White Mom Complains Her Black Son Has Been Changed by Critical Race Theory

A white mother from Virginia has said she plans to sue her Black son's school in Virginia, claiming he had been influenced by classes on critical race theory and was now having racial issues.

Fox News' Jesse Watters spoke to the mother, Melissa Riley, during his show on Monday night. Watters asked how being taught about critical race theory at the Henley Middle School in Crozet, Virginia, had influenced Riley's son and how it had shifted their relationship.

Riley, who told the Fox News host that her son's father is Black and she is white, said that her son was now having issues with race.

"We didn't have any issues before, he is in 8th grade, they introduced this critical program and now he is having racial issues," she said. "He is seeing himself just as a Black man, he is seeing things that don't go his way as racism, he is finding safety in numbers."

Critical race theory is an educational issue that has divided conservatives and liberals, as it teaches that racism does not come just from individuals, but also that a country's legal and other systems are inherently racist.

Clips of Riley's conversation with Watters has also gone viral on Twitter and has been viewed over 900,000 times.

"Critical race theory is being taught in American classrooms and it is damaging how our children view the world," Watters said in his introduction of the segment. "Melissa Riley saw the radical curriculum at her 13-year-old son's middle school in Virginia. [Her son] had never talked about his race or racial issues until the school forced it on him. Melissa is now suing his school, claiming they brainwashed her son."

Watters questioned whether Riley's son would use racism as an excuse if he gets a bad grade or is rejected by a girl at school, and Riley said she believed he would.

While laughing, Riley also said that when she asks her son to clean the house he will refuse, claiming racism.

She added: "[The school] has completely changed his perspective, they have put him in a box.

"He is using [racism] as an excuse because they have told him that is how people see him, as a Black man, that the world is against him and he shows it as a negative now."

Riley said that she spoke to the school when she realized that a program focusing on race was being introduced in the school.

"The school told me that [my son] could be a Black spokesperson for the Black community," she said. "When I told them I don't think that would be appropriate, they told me that if he was uncomfortable with the conversations he, and other children of color could go to a safe place during these conversations. That is segregation."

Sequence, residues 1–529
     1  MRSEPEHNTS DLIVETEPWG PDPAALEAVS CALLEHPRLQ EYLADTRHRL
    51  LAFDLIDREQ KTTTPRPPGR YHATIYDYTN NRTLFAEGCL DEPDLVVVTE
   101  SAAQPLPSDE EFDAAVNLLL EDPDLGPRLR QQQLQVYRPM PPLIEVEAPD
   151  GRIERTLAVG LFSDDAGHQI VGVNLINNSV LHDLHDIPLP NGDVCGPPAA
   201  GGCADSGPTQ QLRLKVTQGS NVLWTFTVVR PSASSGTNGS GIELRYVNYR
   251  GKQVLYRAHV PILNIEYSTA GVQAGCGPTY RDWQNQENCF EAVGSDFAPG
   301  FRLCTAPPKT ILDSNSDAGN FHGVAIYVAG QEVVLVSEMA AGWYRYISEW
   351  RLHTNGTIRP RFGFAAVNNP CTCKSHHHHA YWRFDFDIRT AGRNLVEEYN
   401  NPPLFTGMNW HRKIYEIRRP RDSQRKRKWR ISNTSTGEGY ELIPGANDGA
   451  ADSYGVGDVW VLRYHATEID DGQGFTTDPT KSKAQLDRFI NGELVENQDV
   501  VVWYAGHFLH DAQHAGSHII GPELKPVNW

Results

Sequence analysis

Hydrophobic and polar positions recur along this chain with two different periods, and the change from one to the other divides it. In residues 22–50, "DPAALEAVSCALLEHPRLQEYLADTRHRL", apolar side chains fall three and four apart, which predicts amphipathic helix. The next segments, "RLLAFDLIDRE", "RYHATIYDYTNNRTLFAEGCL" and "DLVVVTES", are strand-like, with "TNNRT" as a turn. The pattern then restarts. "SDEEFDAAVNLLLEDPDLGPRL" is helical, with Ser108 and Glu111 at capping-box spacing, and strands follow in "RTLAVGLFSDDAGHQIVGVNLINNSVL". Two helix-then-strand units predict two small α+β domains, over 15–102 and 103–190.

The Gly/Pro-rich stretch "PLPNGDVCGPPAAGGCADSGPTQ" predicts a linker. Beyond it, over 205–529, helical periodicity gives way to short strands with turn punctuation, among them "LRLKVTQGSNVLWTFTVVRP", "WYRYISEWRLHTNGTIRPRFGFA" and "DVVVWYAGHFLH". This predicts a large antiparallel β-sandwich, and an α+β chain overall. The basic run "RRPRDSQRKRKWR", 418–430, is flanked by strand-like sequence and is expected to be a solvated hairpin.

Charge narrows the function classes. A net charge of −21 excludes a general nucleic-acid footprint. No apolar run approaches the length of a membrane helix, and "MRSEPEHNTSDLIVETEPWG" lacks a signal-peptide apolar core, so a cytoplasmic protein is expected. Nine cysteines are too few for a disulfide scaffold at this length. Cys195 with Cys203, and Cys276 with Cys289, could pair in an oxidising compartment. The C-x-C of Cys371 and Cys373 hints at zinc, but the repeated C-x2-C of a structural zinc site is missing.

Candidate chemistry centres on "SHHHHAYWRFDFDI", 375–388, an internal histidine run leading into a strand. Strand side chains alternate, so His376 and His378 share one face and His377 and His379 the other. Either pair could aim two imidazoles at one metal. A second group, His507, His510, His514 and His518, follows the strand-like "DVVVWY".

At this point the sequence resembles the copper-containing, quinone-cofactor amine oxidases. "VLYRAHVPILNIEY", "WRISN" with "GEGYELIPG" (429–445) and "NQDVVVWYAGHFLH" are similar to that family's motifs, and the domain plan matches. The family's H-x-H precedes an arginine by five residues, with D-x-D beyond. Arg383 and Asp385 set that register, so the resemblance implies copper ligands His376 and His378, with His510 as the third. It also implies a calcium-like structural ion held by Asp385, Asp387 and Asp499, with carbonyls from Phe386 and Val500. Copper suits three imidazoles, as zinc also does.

Black teenager
A white mother in Virginia has sued her 8th grade son's school, claiming that the school's teaching of critical race theory has changed her son, who is black. Stock image of a Black teenager working in a classroom. Getty Images

When Watters asked Riley what her son's father, who is African-American, thought of his son's behavior and the school's curriculum, she replied, "I'm a single mom, so I'm teaching him everything."

Kendall Thomas, a law professor at Columbia University and co-editor of Critical Race Theory: The Key Writings That Formed the Movement, told Newsweek: "CRT maps the nature and workings of 'institutional racism.'"

"CRT challenges us to see that racial injustice in America is not, and has never been, just a problem of isolated instances of individual bias and private prejudice which we can solve by enacting 'color-blind' laws and policies," Thomas said. "CRT tracks the ways in which the 'color-blind racism' of today's post-civil rights era entrenches racial disparities, discrimination and disadvantage among Black, Brown and Native American communities without ever explicitly using the language of 'race.'"

Henley Middle School Communications Officer Phil Giaramita spoke to Newsweek about the incident and said Riley had already been unsuccessful in her lawsuit.

"Ms. Riley did indeed sue the school division. She was part of a small group of parents that filed a suit earlier this year," Giaramita said.

"The suit was dismissed by the court in a ruling that supported the school division's anti-racism policy."

Update 05/18/22, 2:36 a.m. ET: This article was updated with comment from Phil Giaramita